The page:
thymocytesStuffed with duck as I am (we don’t do turkey for Thanksgiving in our house) I’m not up to a long post, but I thought a paper in the latest issue of Science was pretty cool. The paper is
Czechowicz, A., Kraft, D., Weissman, I. L., and Bhattacharya, D. (2007). Efficient Transplantation via Antibody-Based Clearance of Hematopoietic Stem Cell Niches. Science 318, 1296-1299. 1

Very briefly, they show that one of the obstacles to bone marrow grafts — even in the absence of host-versus-graft immunity — is that there are a limited number of niches for hematopoietic (bone marrow) stem cells. The native stem cells occupy those niches, so injecting in a donor’s stem cells is very inefficient; only a tiny number can find a home and supply new, desirable progeny. If I’m interpreting the data right, there seem to be only a few hundred open slots, out of maybe 25000 total slots, available for donor stem cells.

Blogging on Peer-Reviewed ResearchThey came up with a protocol that transiently and specifically eliminated host stem cells — opening up niches — before the graft, and the results were pretty dramatic. Without treatment, the chimerism rates (indicating efficiency of donor engraftment) was around 3%; with treatment, it was 90%. If this works in humans as it does in mice, it offers a much gentler alternative to the really brutal and toxic treatments that are usually necessary today.

So what does “niche” mean, in this context? Is it a physical slot into which the tab of a hematopoietic stem cell is tucked? Is it a conceptual niche, a constraint based on available levels of some soluble factor, or on rates of contact with some supporting cell type? I think all three are possible, and2 have parallels in other aspects of the immune system.

For example, growth in the thymus (the figure at top left) probably requires physical niches, cells into which developing thymocytes cuddle up and receive nourishment and advice as they mature. (See, especially, the videos taken by Bousso et al, 3 of thymocytes interacting with thymic stromal cells.) Although I admit I find that the most attractive concept, I don’t really have a good reason for it, and there are probably good examples of non-physical “niches” as well. Survival of naïve lymphocytes outside of the periphery requires intermittent contact with MHC class I molecules — potentially a limiting factor, if they have to compete with others of their kind. There are also several examples of regulation by limiting amounts of certain cytokines, such as IL-7. 4 Still, the various two-photon microscopy videos of in-situ interactions that have been coming out over the past few years have really made me appreciate the importance of physical location and direct interactions in the immune system, which might explain my bias toward physical niches.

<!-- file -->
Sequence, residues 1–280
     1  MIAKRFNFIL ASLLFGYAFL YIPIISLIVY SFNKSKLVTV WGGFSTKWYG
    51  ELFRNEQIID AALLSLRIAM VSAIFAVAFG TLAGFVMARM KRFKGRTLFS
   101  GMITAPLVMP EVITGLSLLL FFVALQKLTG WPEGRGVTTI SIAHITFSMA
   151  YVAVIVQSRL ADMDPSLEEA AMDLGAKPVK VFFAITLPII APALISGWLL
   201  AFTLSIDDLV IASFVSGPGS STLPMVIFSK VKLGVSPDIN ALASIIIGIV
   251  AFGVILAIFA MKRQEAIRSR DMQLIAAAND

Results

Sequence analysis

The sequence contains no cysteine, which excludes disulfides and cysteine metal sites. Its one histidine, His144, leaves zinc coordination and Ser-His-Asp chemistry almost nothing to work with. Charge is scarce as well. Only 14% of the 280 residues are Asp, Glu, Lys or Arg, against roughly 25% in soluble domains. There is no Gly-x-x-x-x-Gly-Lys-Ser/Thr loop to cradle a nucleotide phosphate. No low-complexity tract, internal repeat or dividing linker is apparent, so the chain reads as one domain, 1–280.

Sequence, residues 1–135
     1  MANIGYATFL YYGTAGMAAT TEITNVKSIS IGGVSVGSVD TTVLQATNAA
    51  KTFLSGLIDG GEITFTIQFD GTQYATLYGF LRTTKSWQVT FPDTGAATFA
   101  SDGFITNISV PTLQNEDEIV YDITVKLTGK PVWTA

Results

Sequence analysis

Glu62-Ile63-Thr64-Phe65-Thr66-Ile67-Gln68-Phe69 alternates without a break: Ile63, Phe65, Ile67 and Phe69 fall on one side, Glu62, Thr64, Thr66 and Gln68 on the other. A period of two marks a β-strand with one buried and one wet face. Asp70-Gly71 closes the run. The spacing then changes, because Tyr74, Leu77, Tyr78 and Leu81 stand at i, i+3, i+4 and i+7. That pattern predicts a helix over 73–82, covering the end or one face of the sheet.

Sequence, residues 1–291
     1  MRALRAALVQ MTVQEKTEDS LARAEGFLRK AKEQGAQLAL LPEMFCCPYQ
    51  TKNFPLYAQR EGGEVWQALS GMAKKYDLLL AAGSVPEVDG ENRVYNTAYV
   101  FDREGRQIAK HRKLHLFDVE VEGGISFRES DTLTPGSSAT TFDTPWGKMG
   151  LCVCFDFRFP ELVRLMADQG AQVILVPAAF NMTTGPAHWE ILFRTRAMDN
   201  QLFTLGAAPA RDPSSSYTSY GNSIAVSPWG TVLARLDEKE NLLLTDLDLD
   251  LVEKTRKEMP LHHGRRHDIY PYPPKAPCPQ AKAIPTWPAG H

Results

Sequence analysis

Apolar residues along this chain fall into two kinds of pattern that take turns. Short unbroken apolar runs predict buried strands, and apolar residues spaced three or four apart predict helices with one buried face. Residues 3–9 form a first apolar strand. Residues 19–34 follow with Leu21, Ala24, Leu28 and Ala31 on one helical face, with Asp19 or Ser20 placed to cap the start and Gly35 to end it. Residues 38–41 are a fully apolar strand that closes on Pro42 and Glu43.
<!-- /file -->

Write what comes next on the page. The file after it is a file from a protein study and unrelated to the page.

1. As an experiment in aggregation, I am including a second version of the reference here, thus: Czechowicz, A., Kraft, D., Weissman, I.L., Bhattacharya, D. (2007). Efficient Transplantation via Antibody-Based Clearance of Hematopoietic Stem Cell Niches. Science, 318, 1296-1299. DOI: 10.1126/science.1149726[]
  2. According to current understanding, anyway[]
  3. Bousso, P., Bhakta, N. R., Lewis, R. S., and Robey, E. (2002). Dynamics of thymocyte-stromal cell interactions visualized by two-photon microscopy. Science 296, 1876-1880. []
  4. Purton, J. F., Tan, J. T., Rubinstein, M. P., Kim, D. M., Sprent, J., and Surh, C. D. (2007). Antiviral CD4+ memory T cells are IL-15 dependent. J Exp Med 204, 951-961. []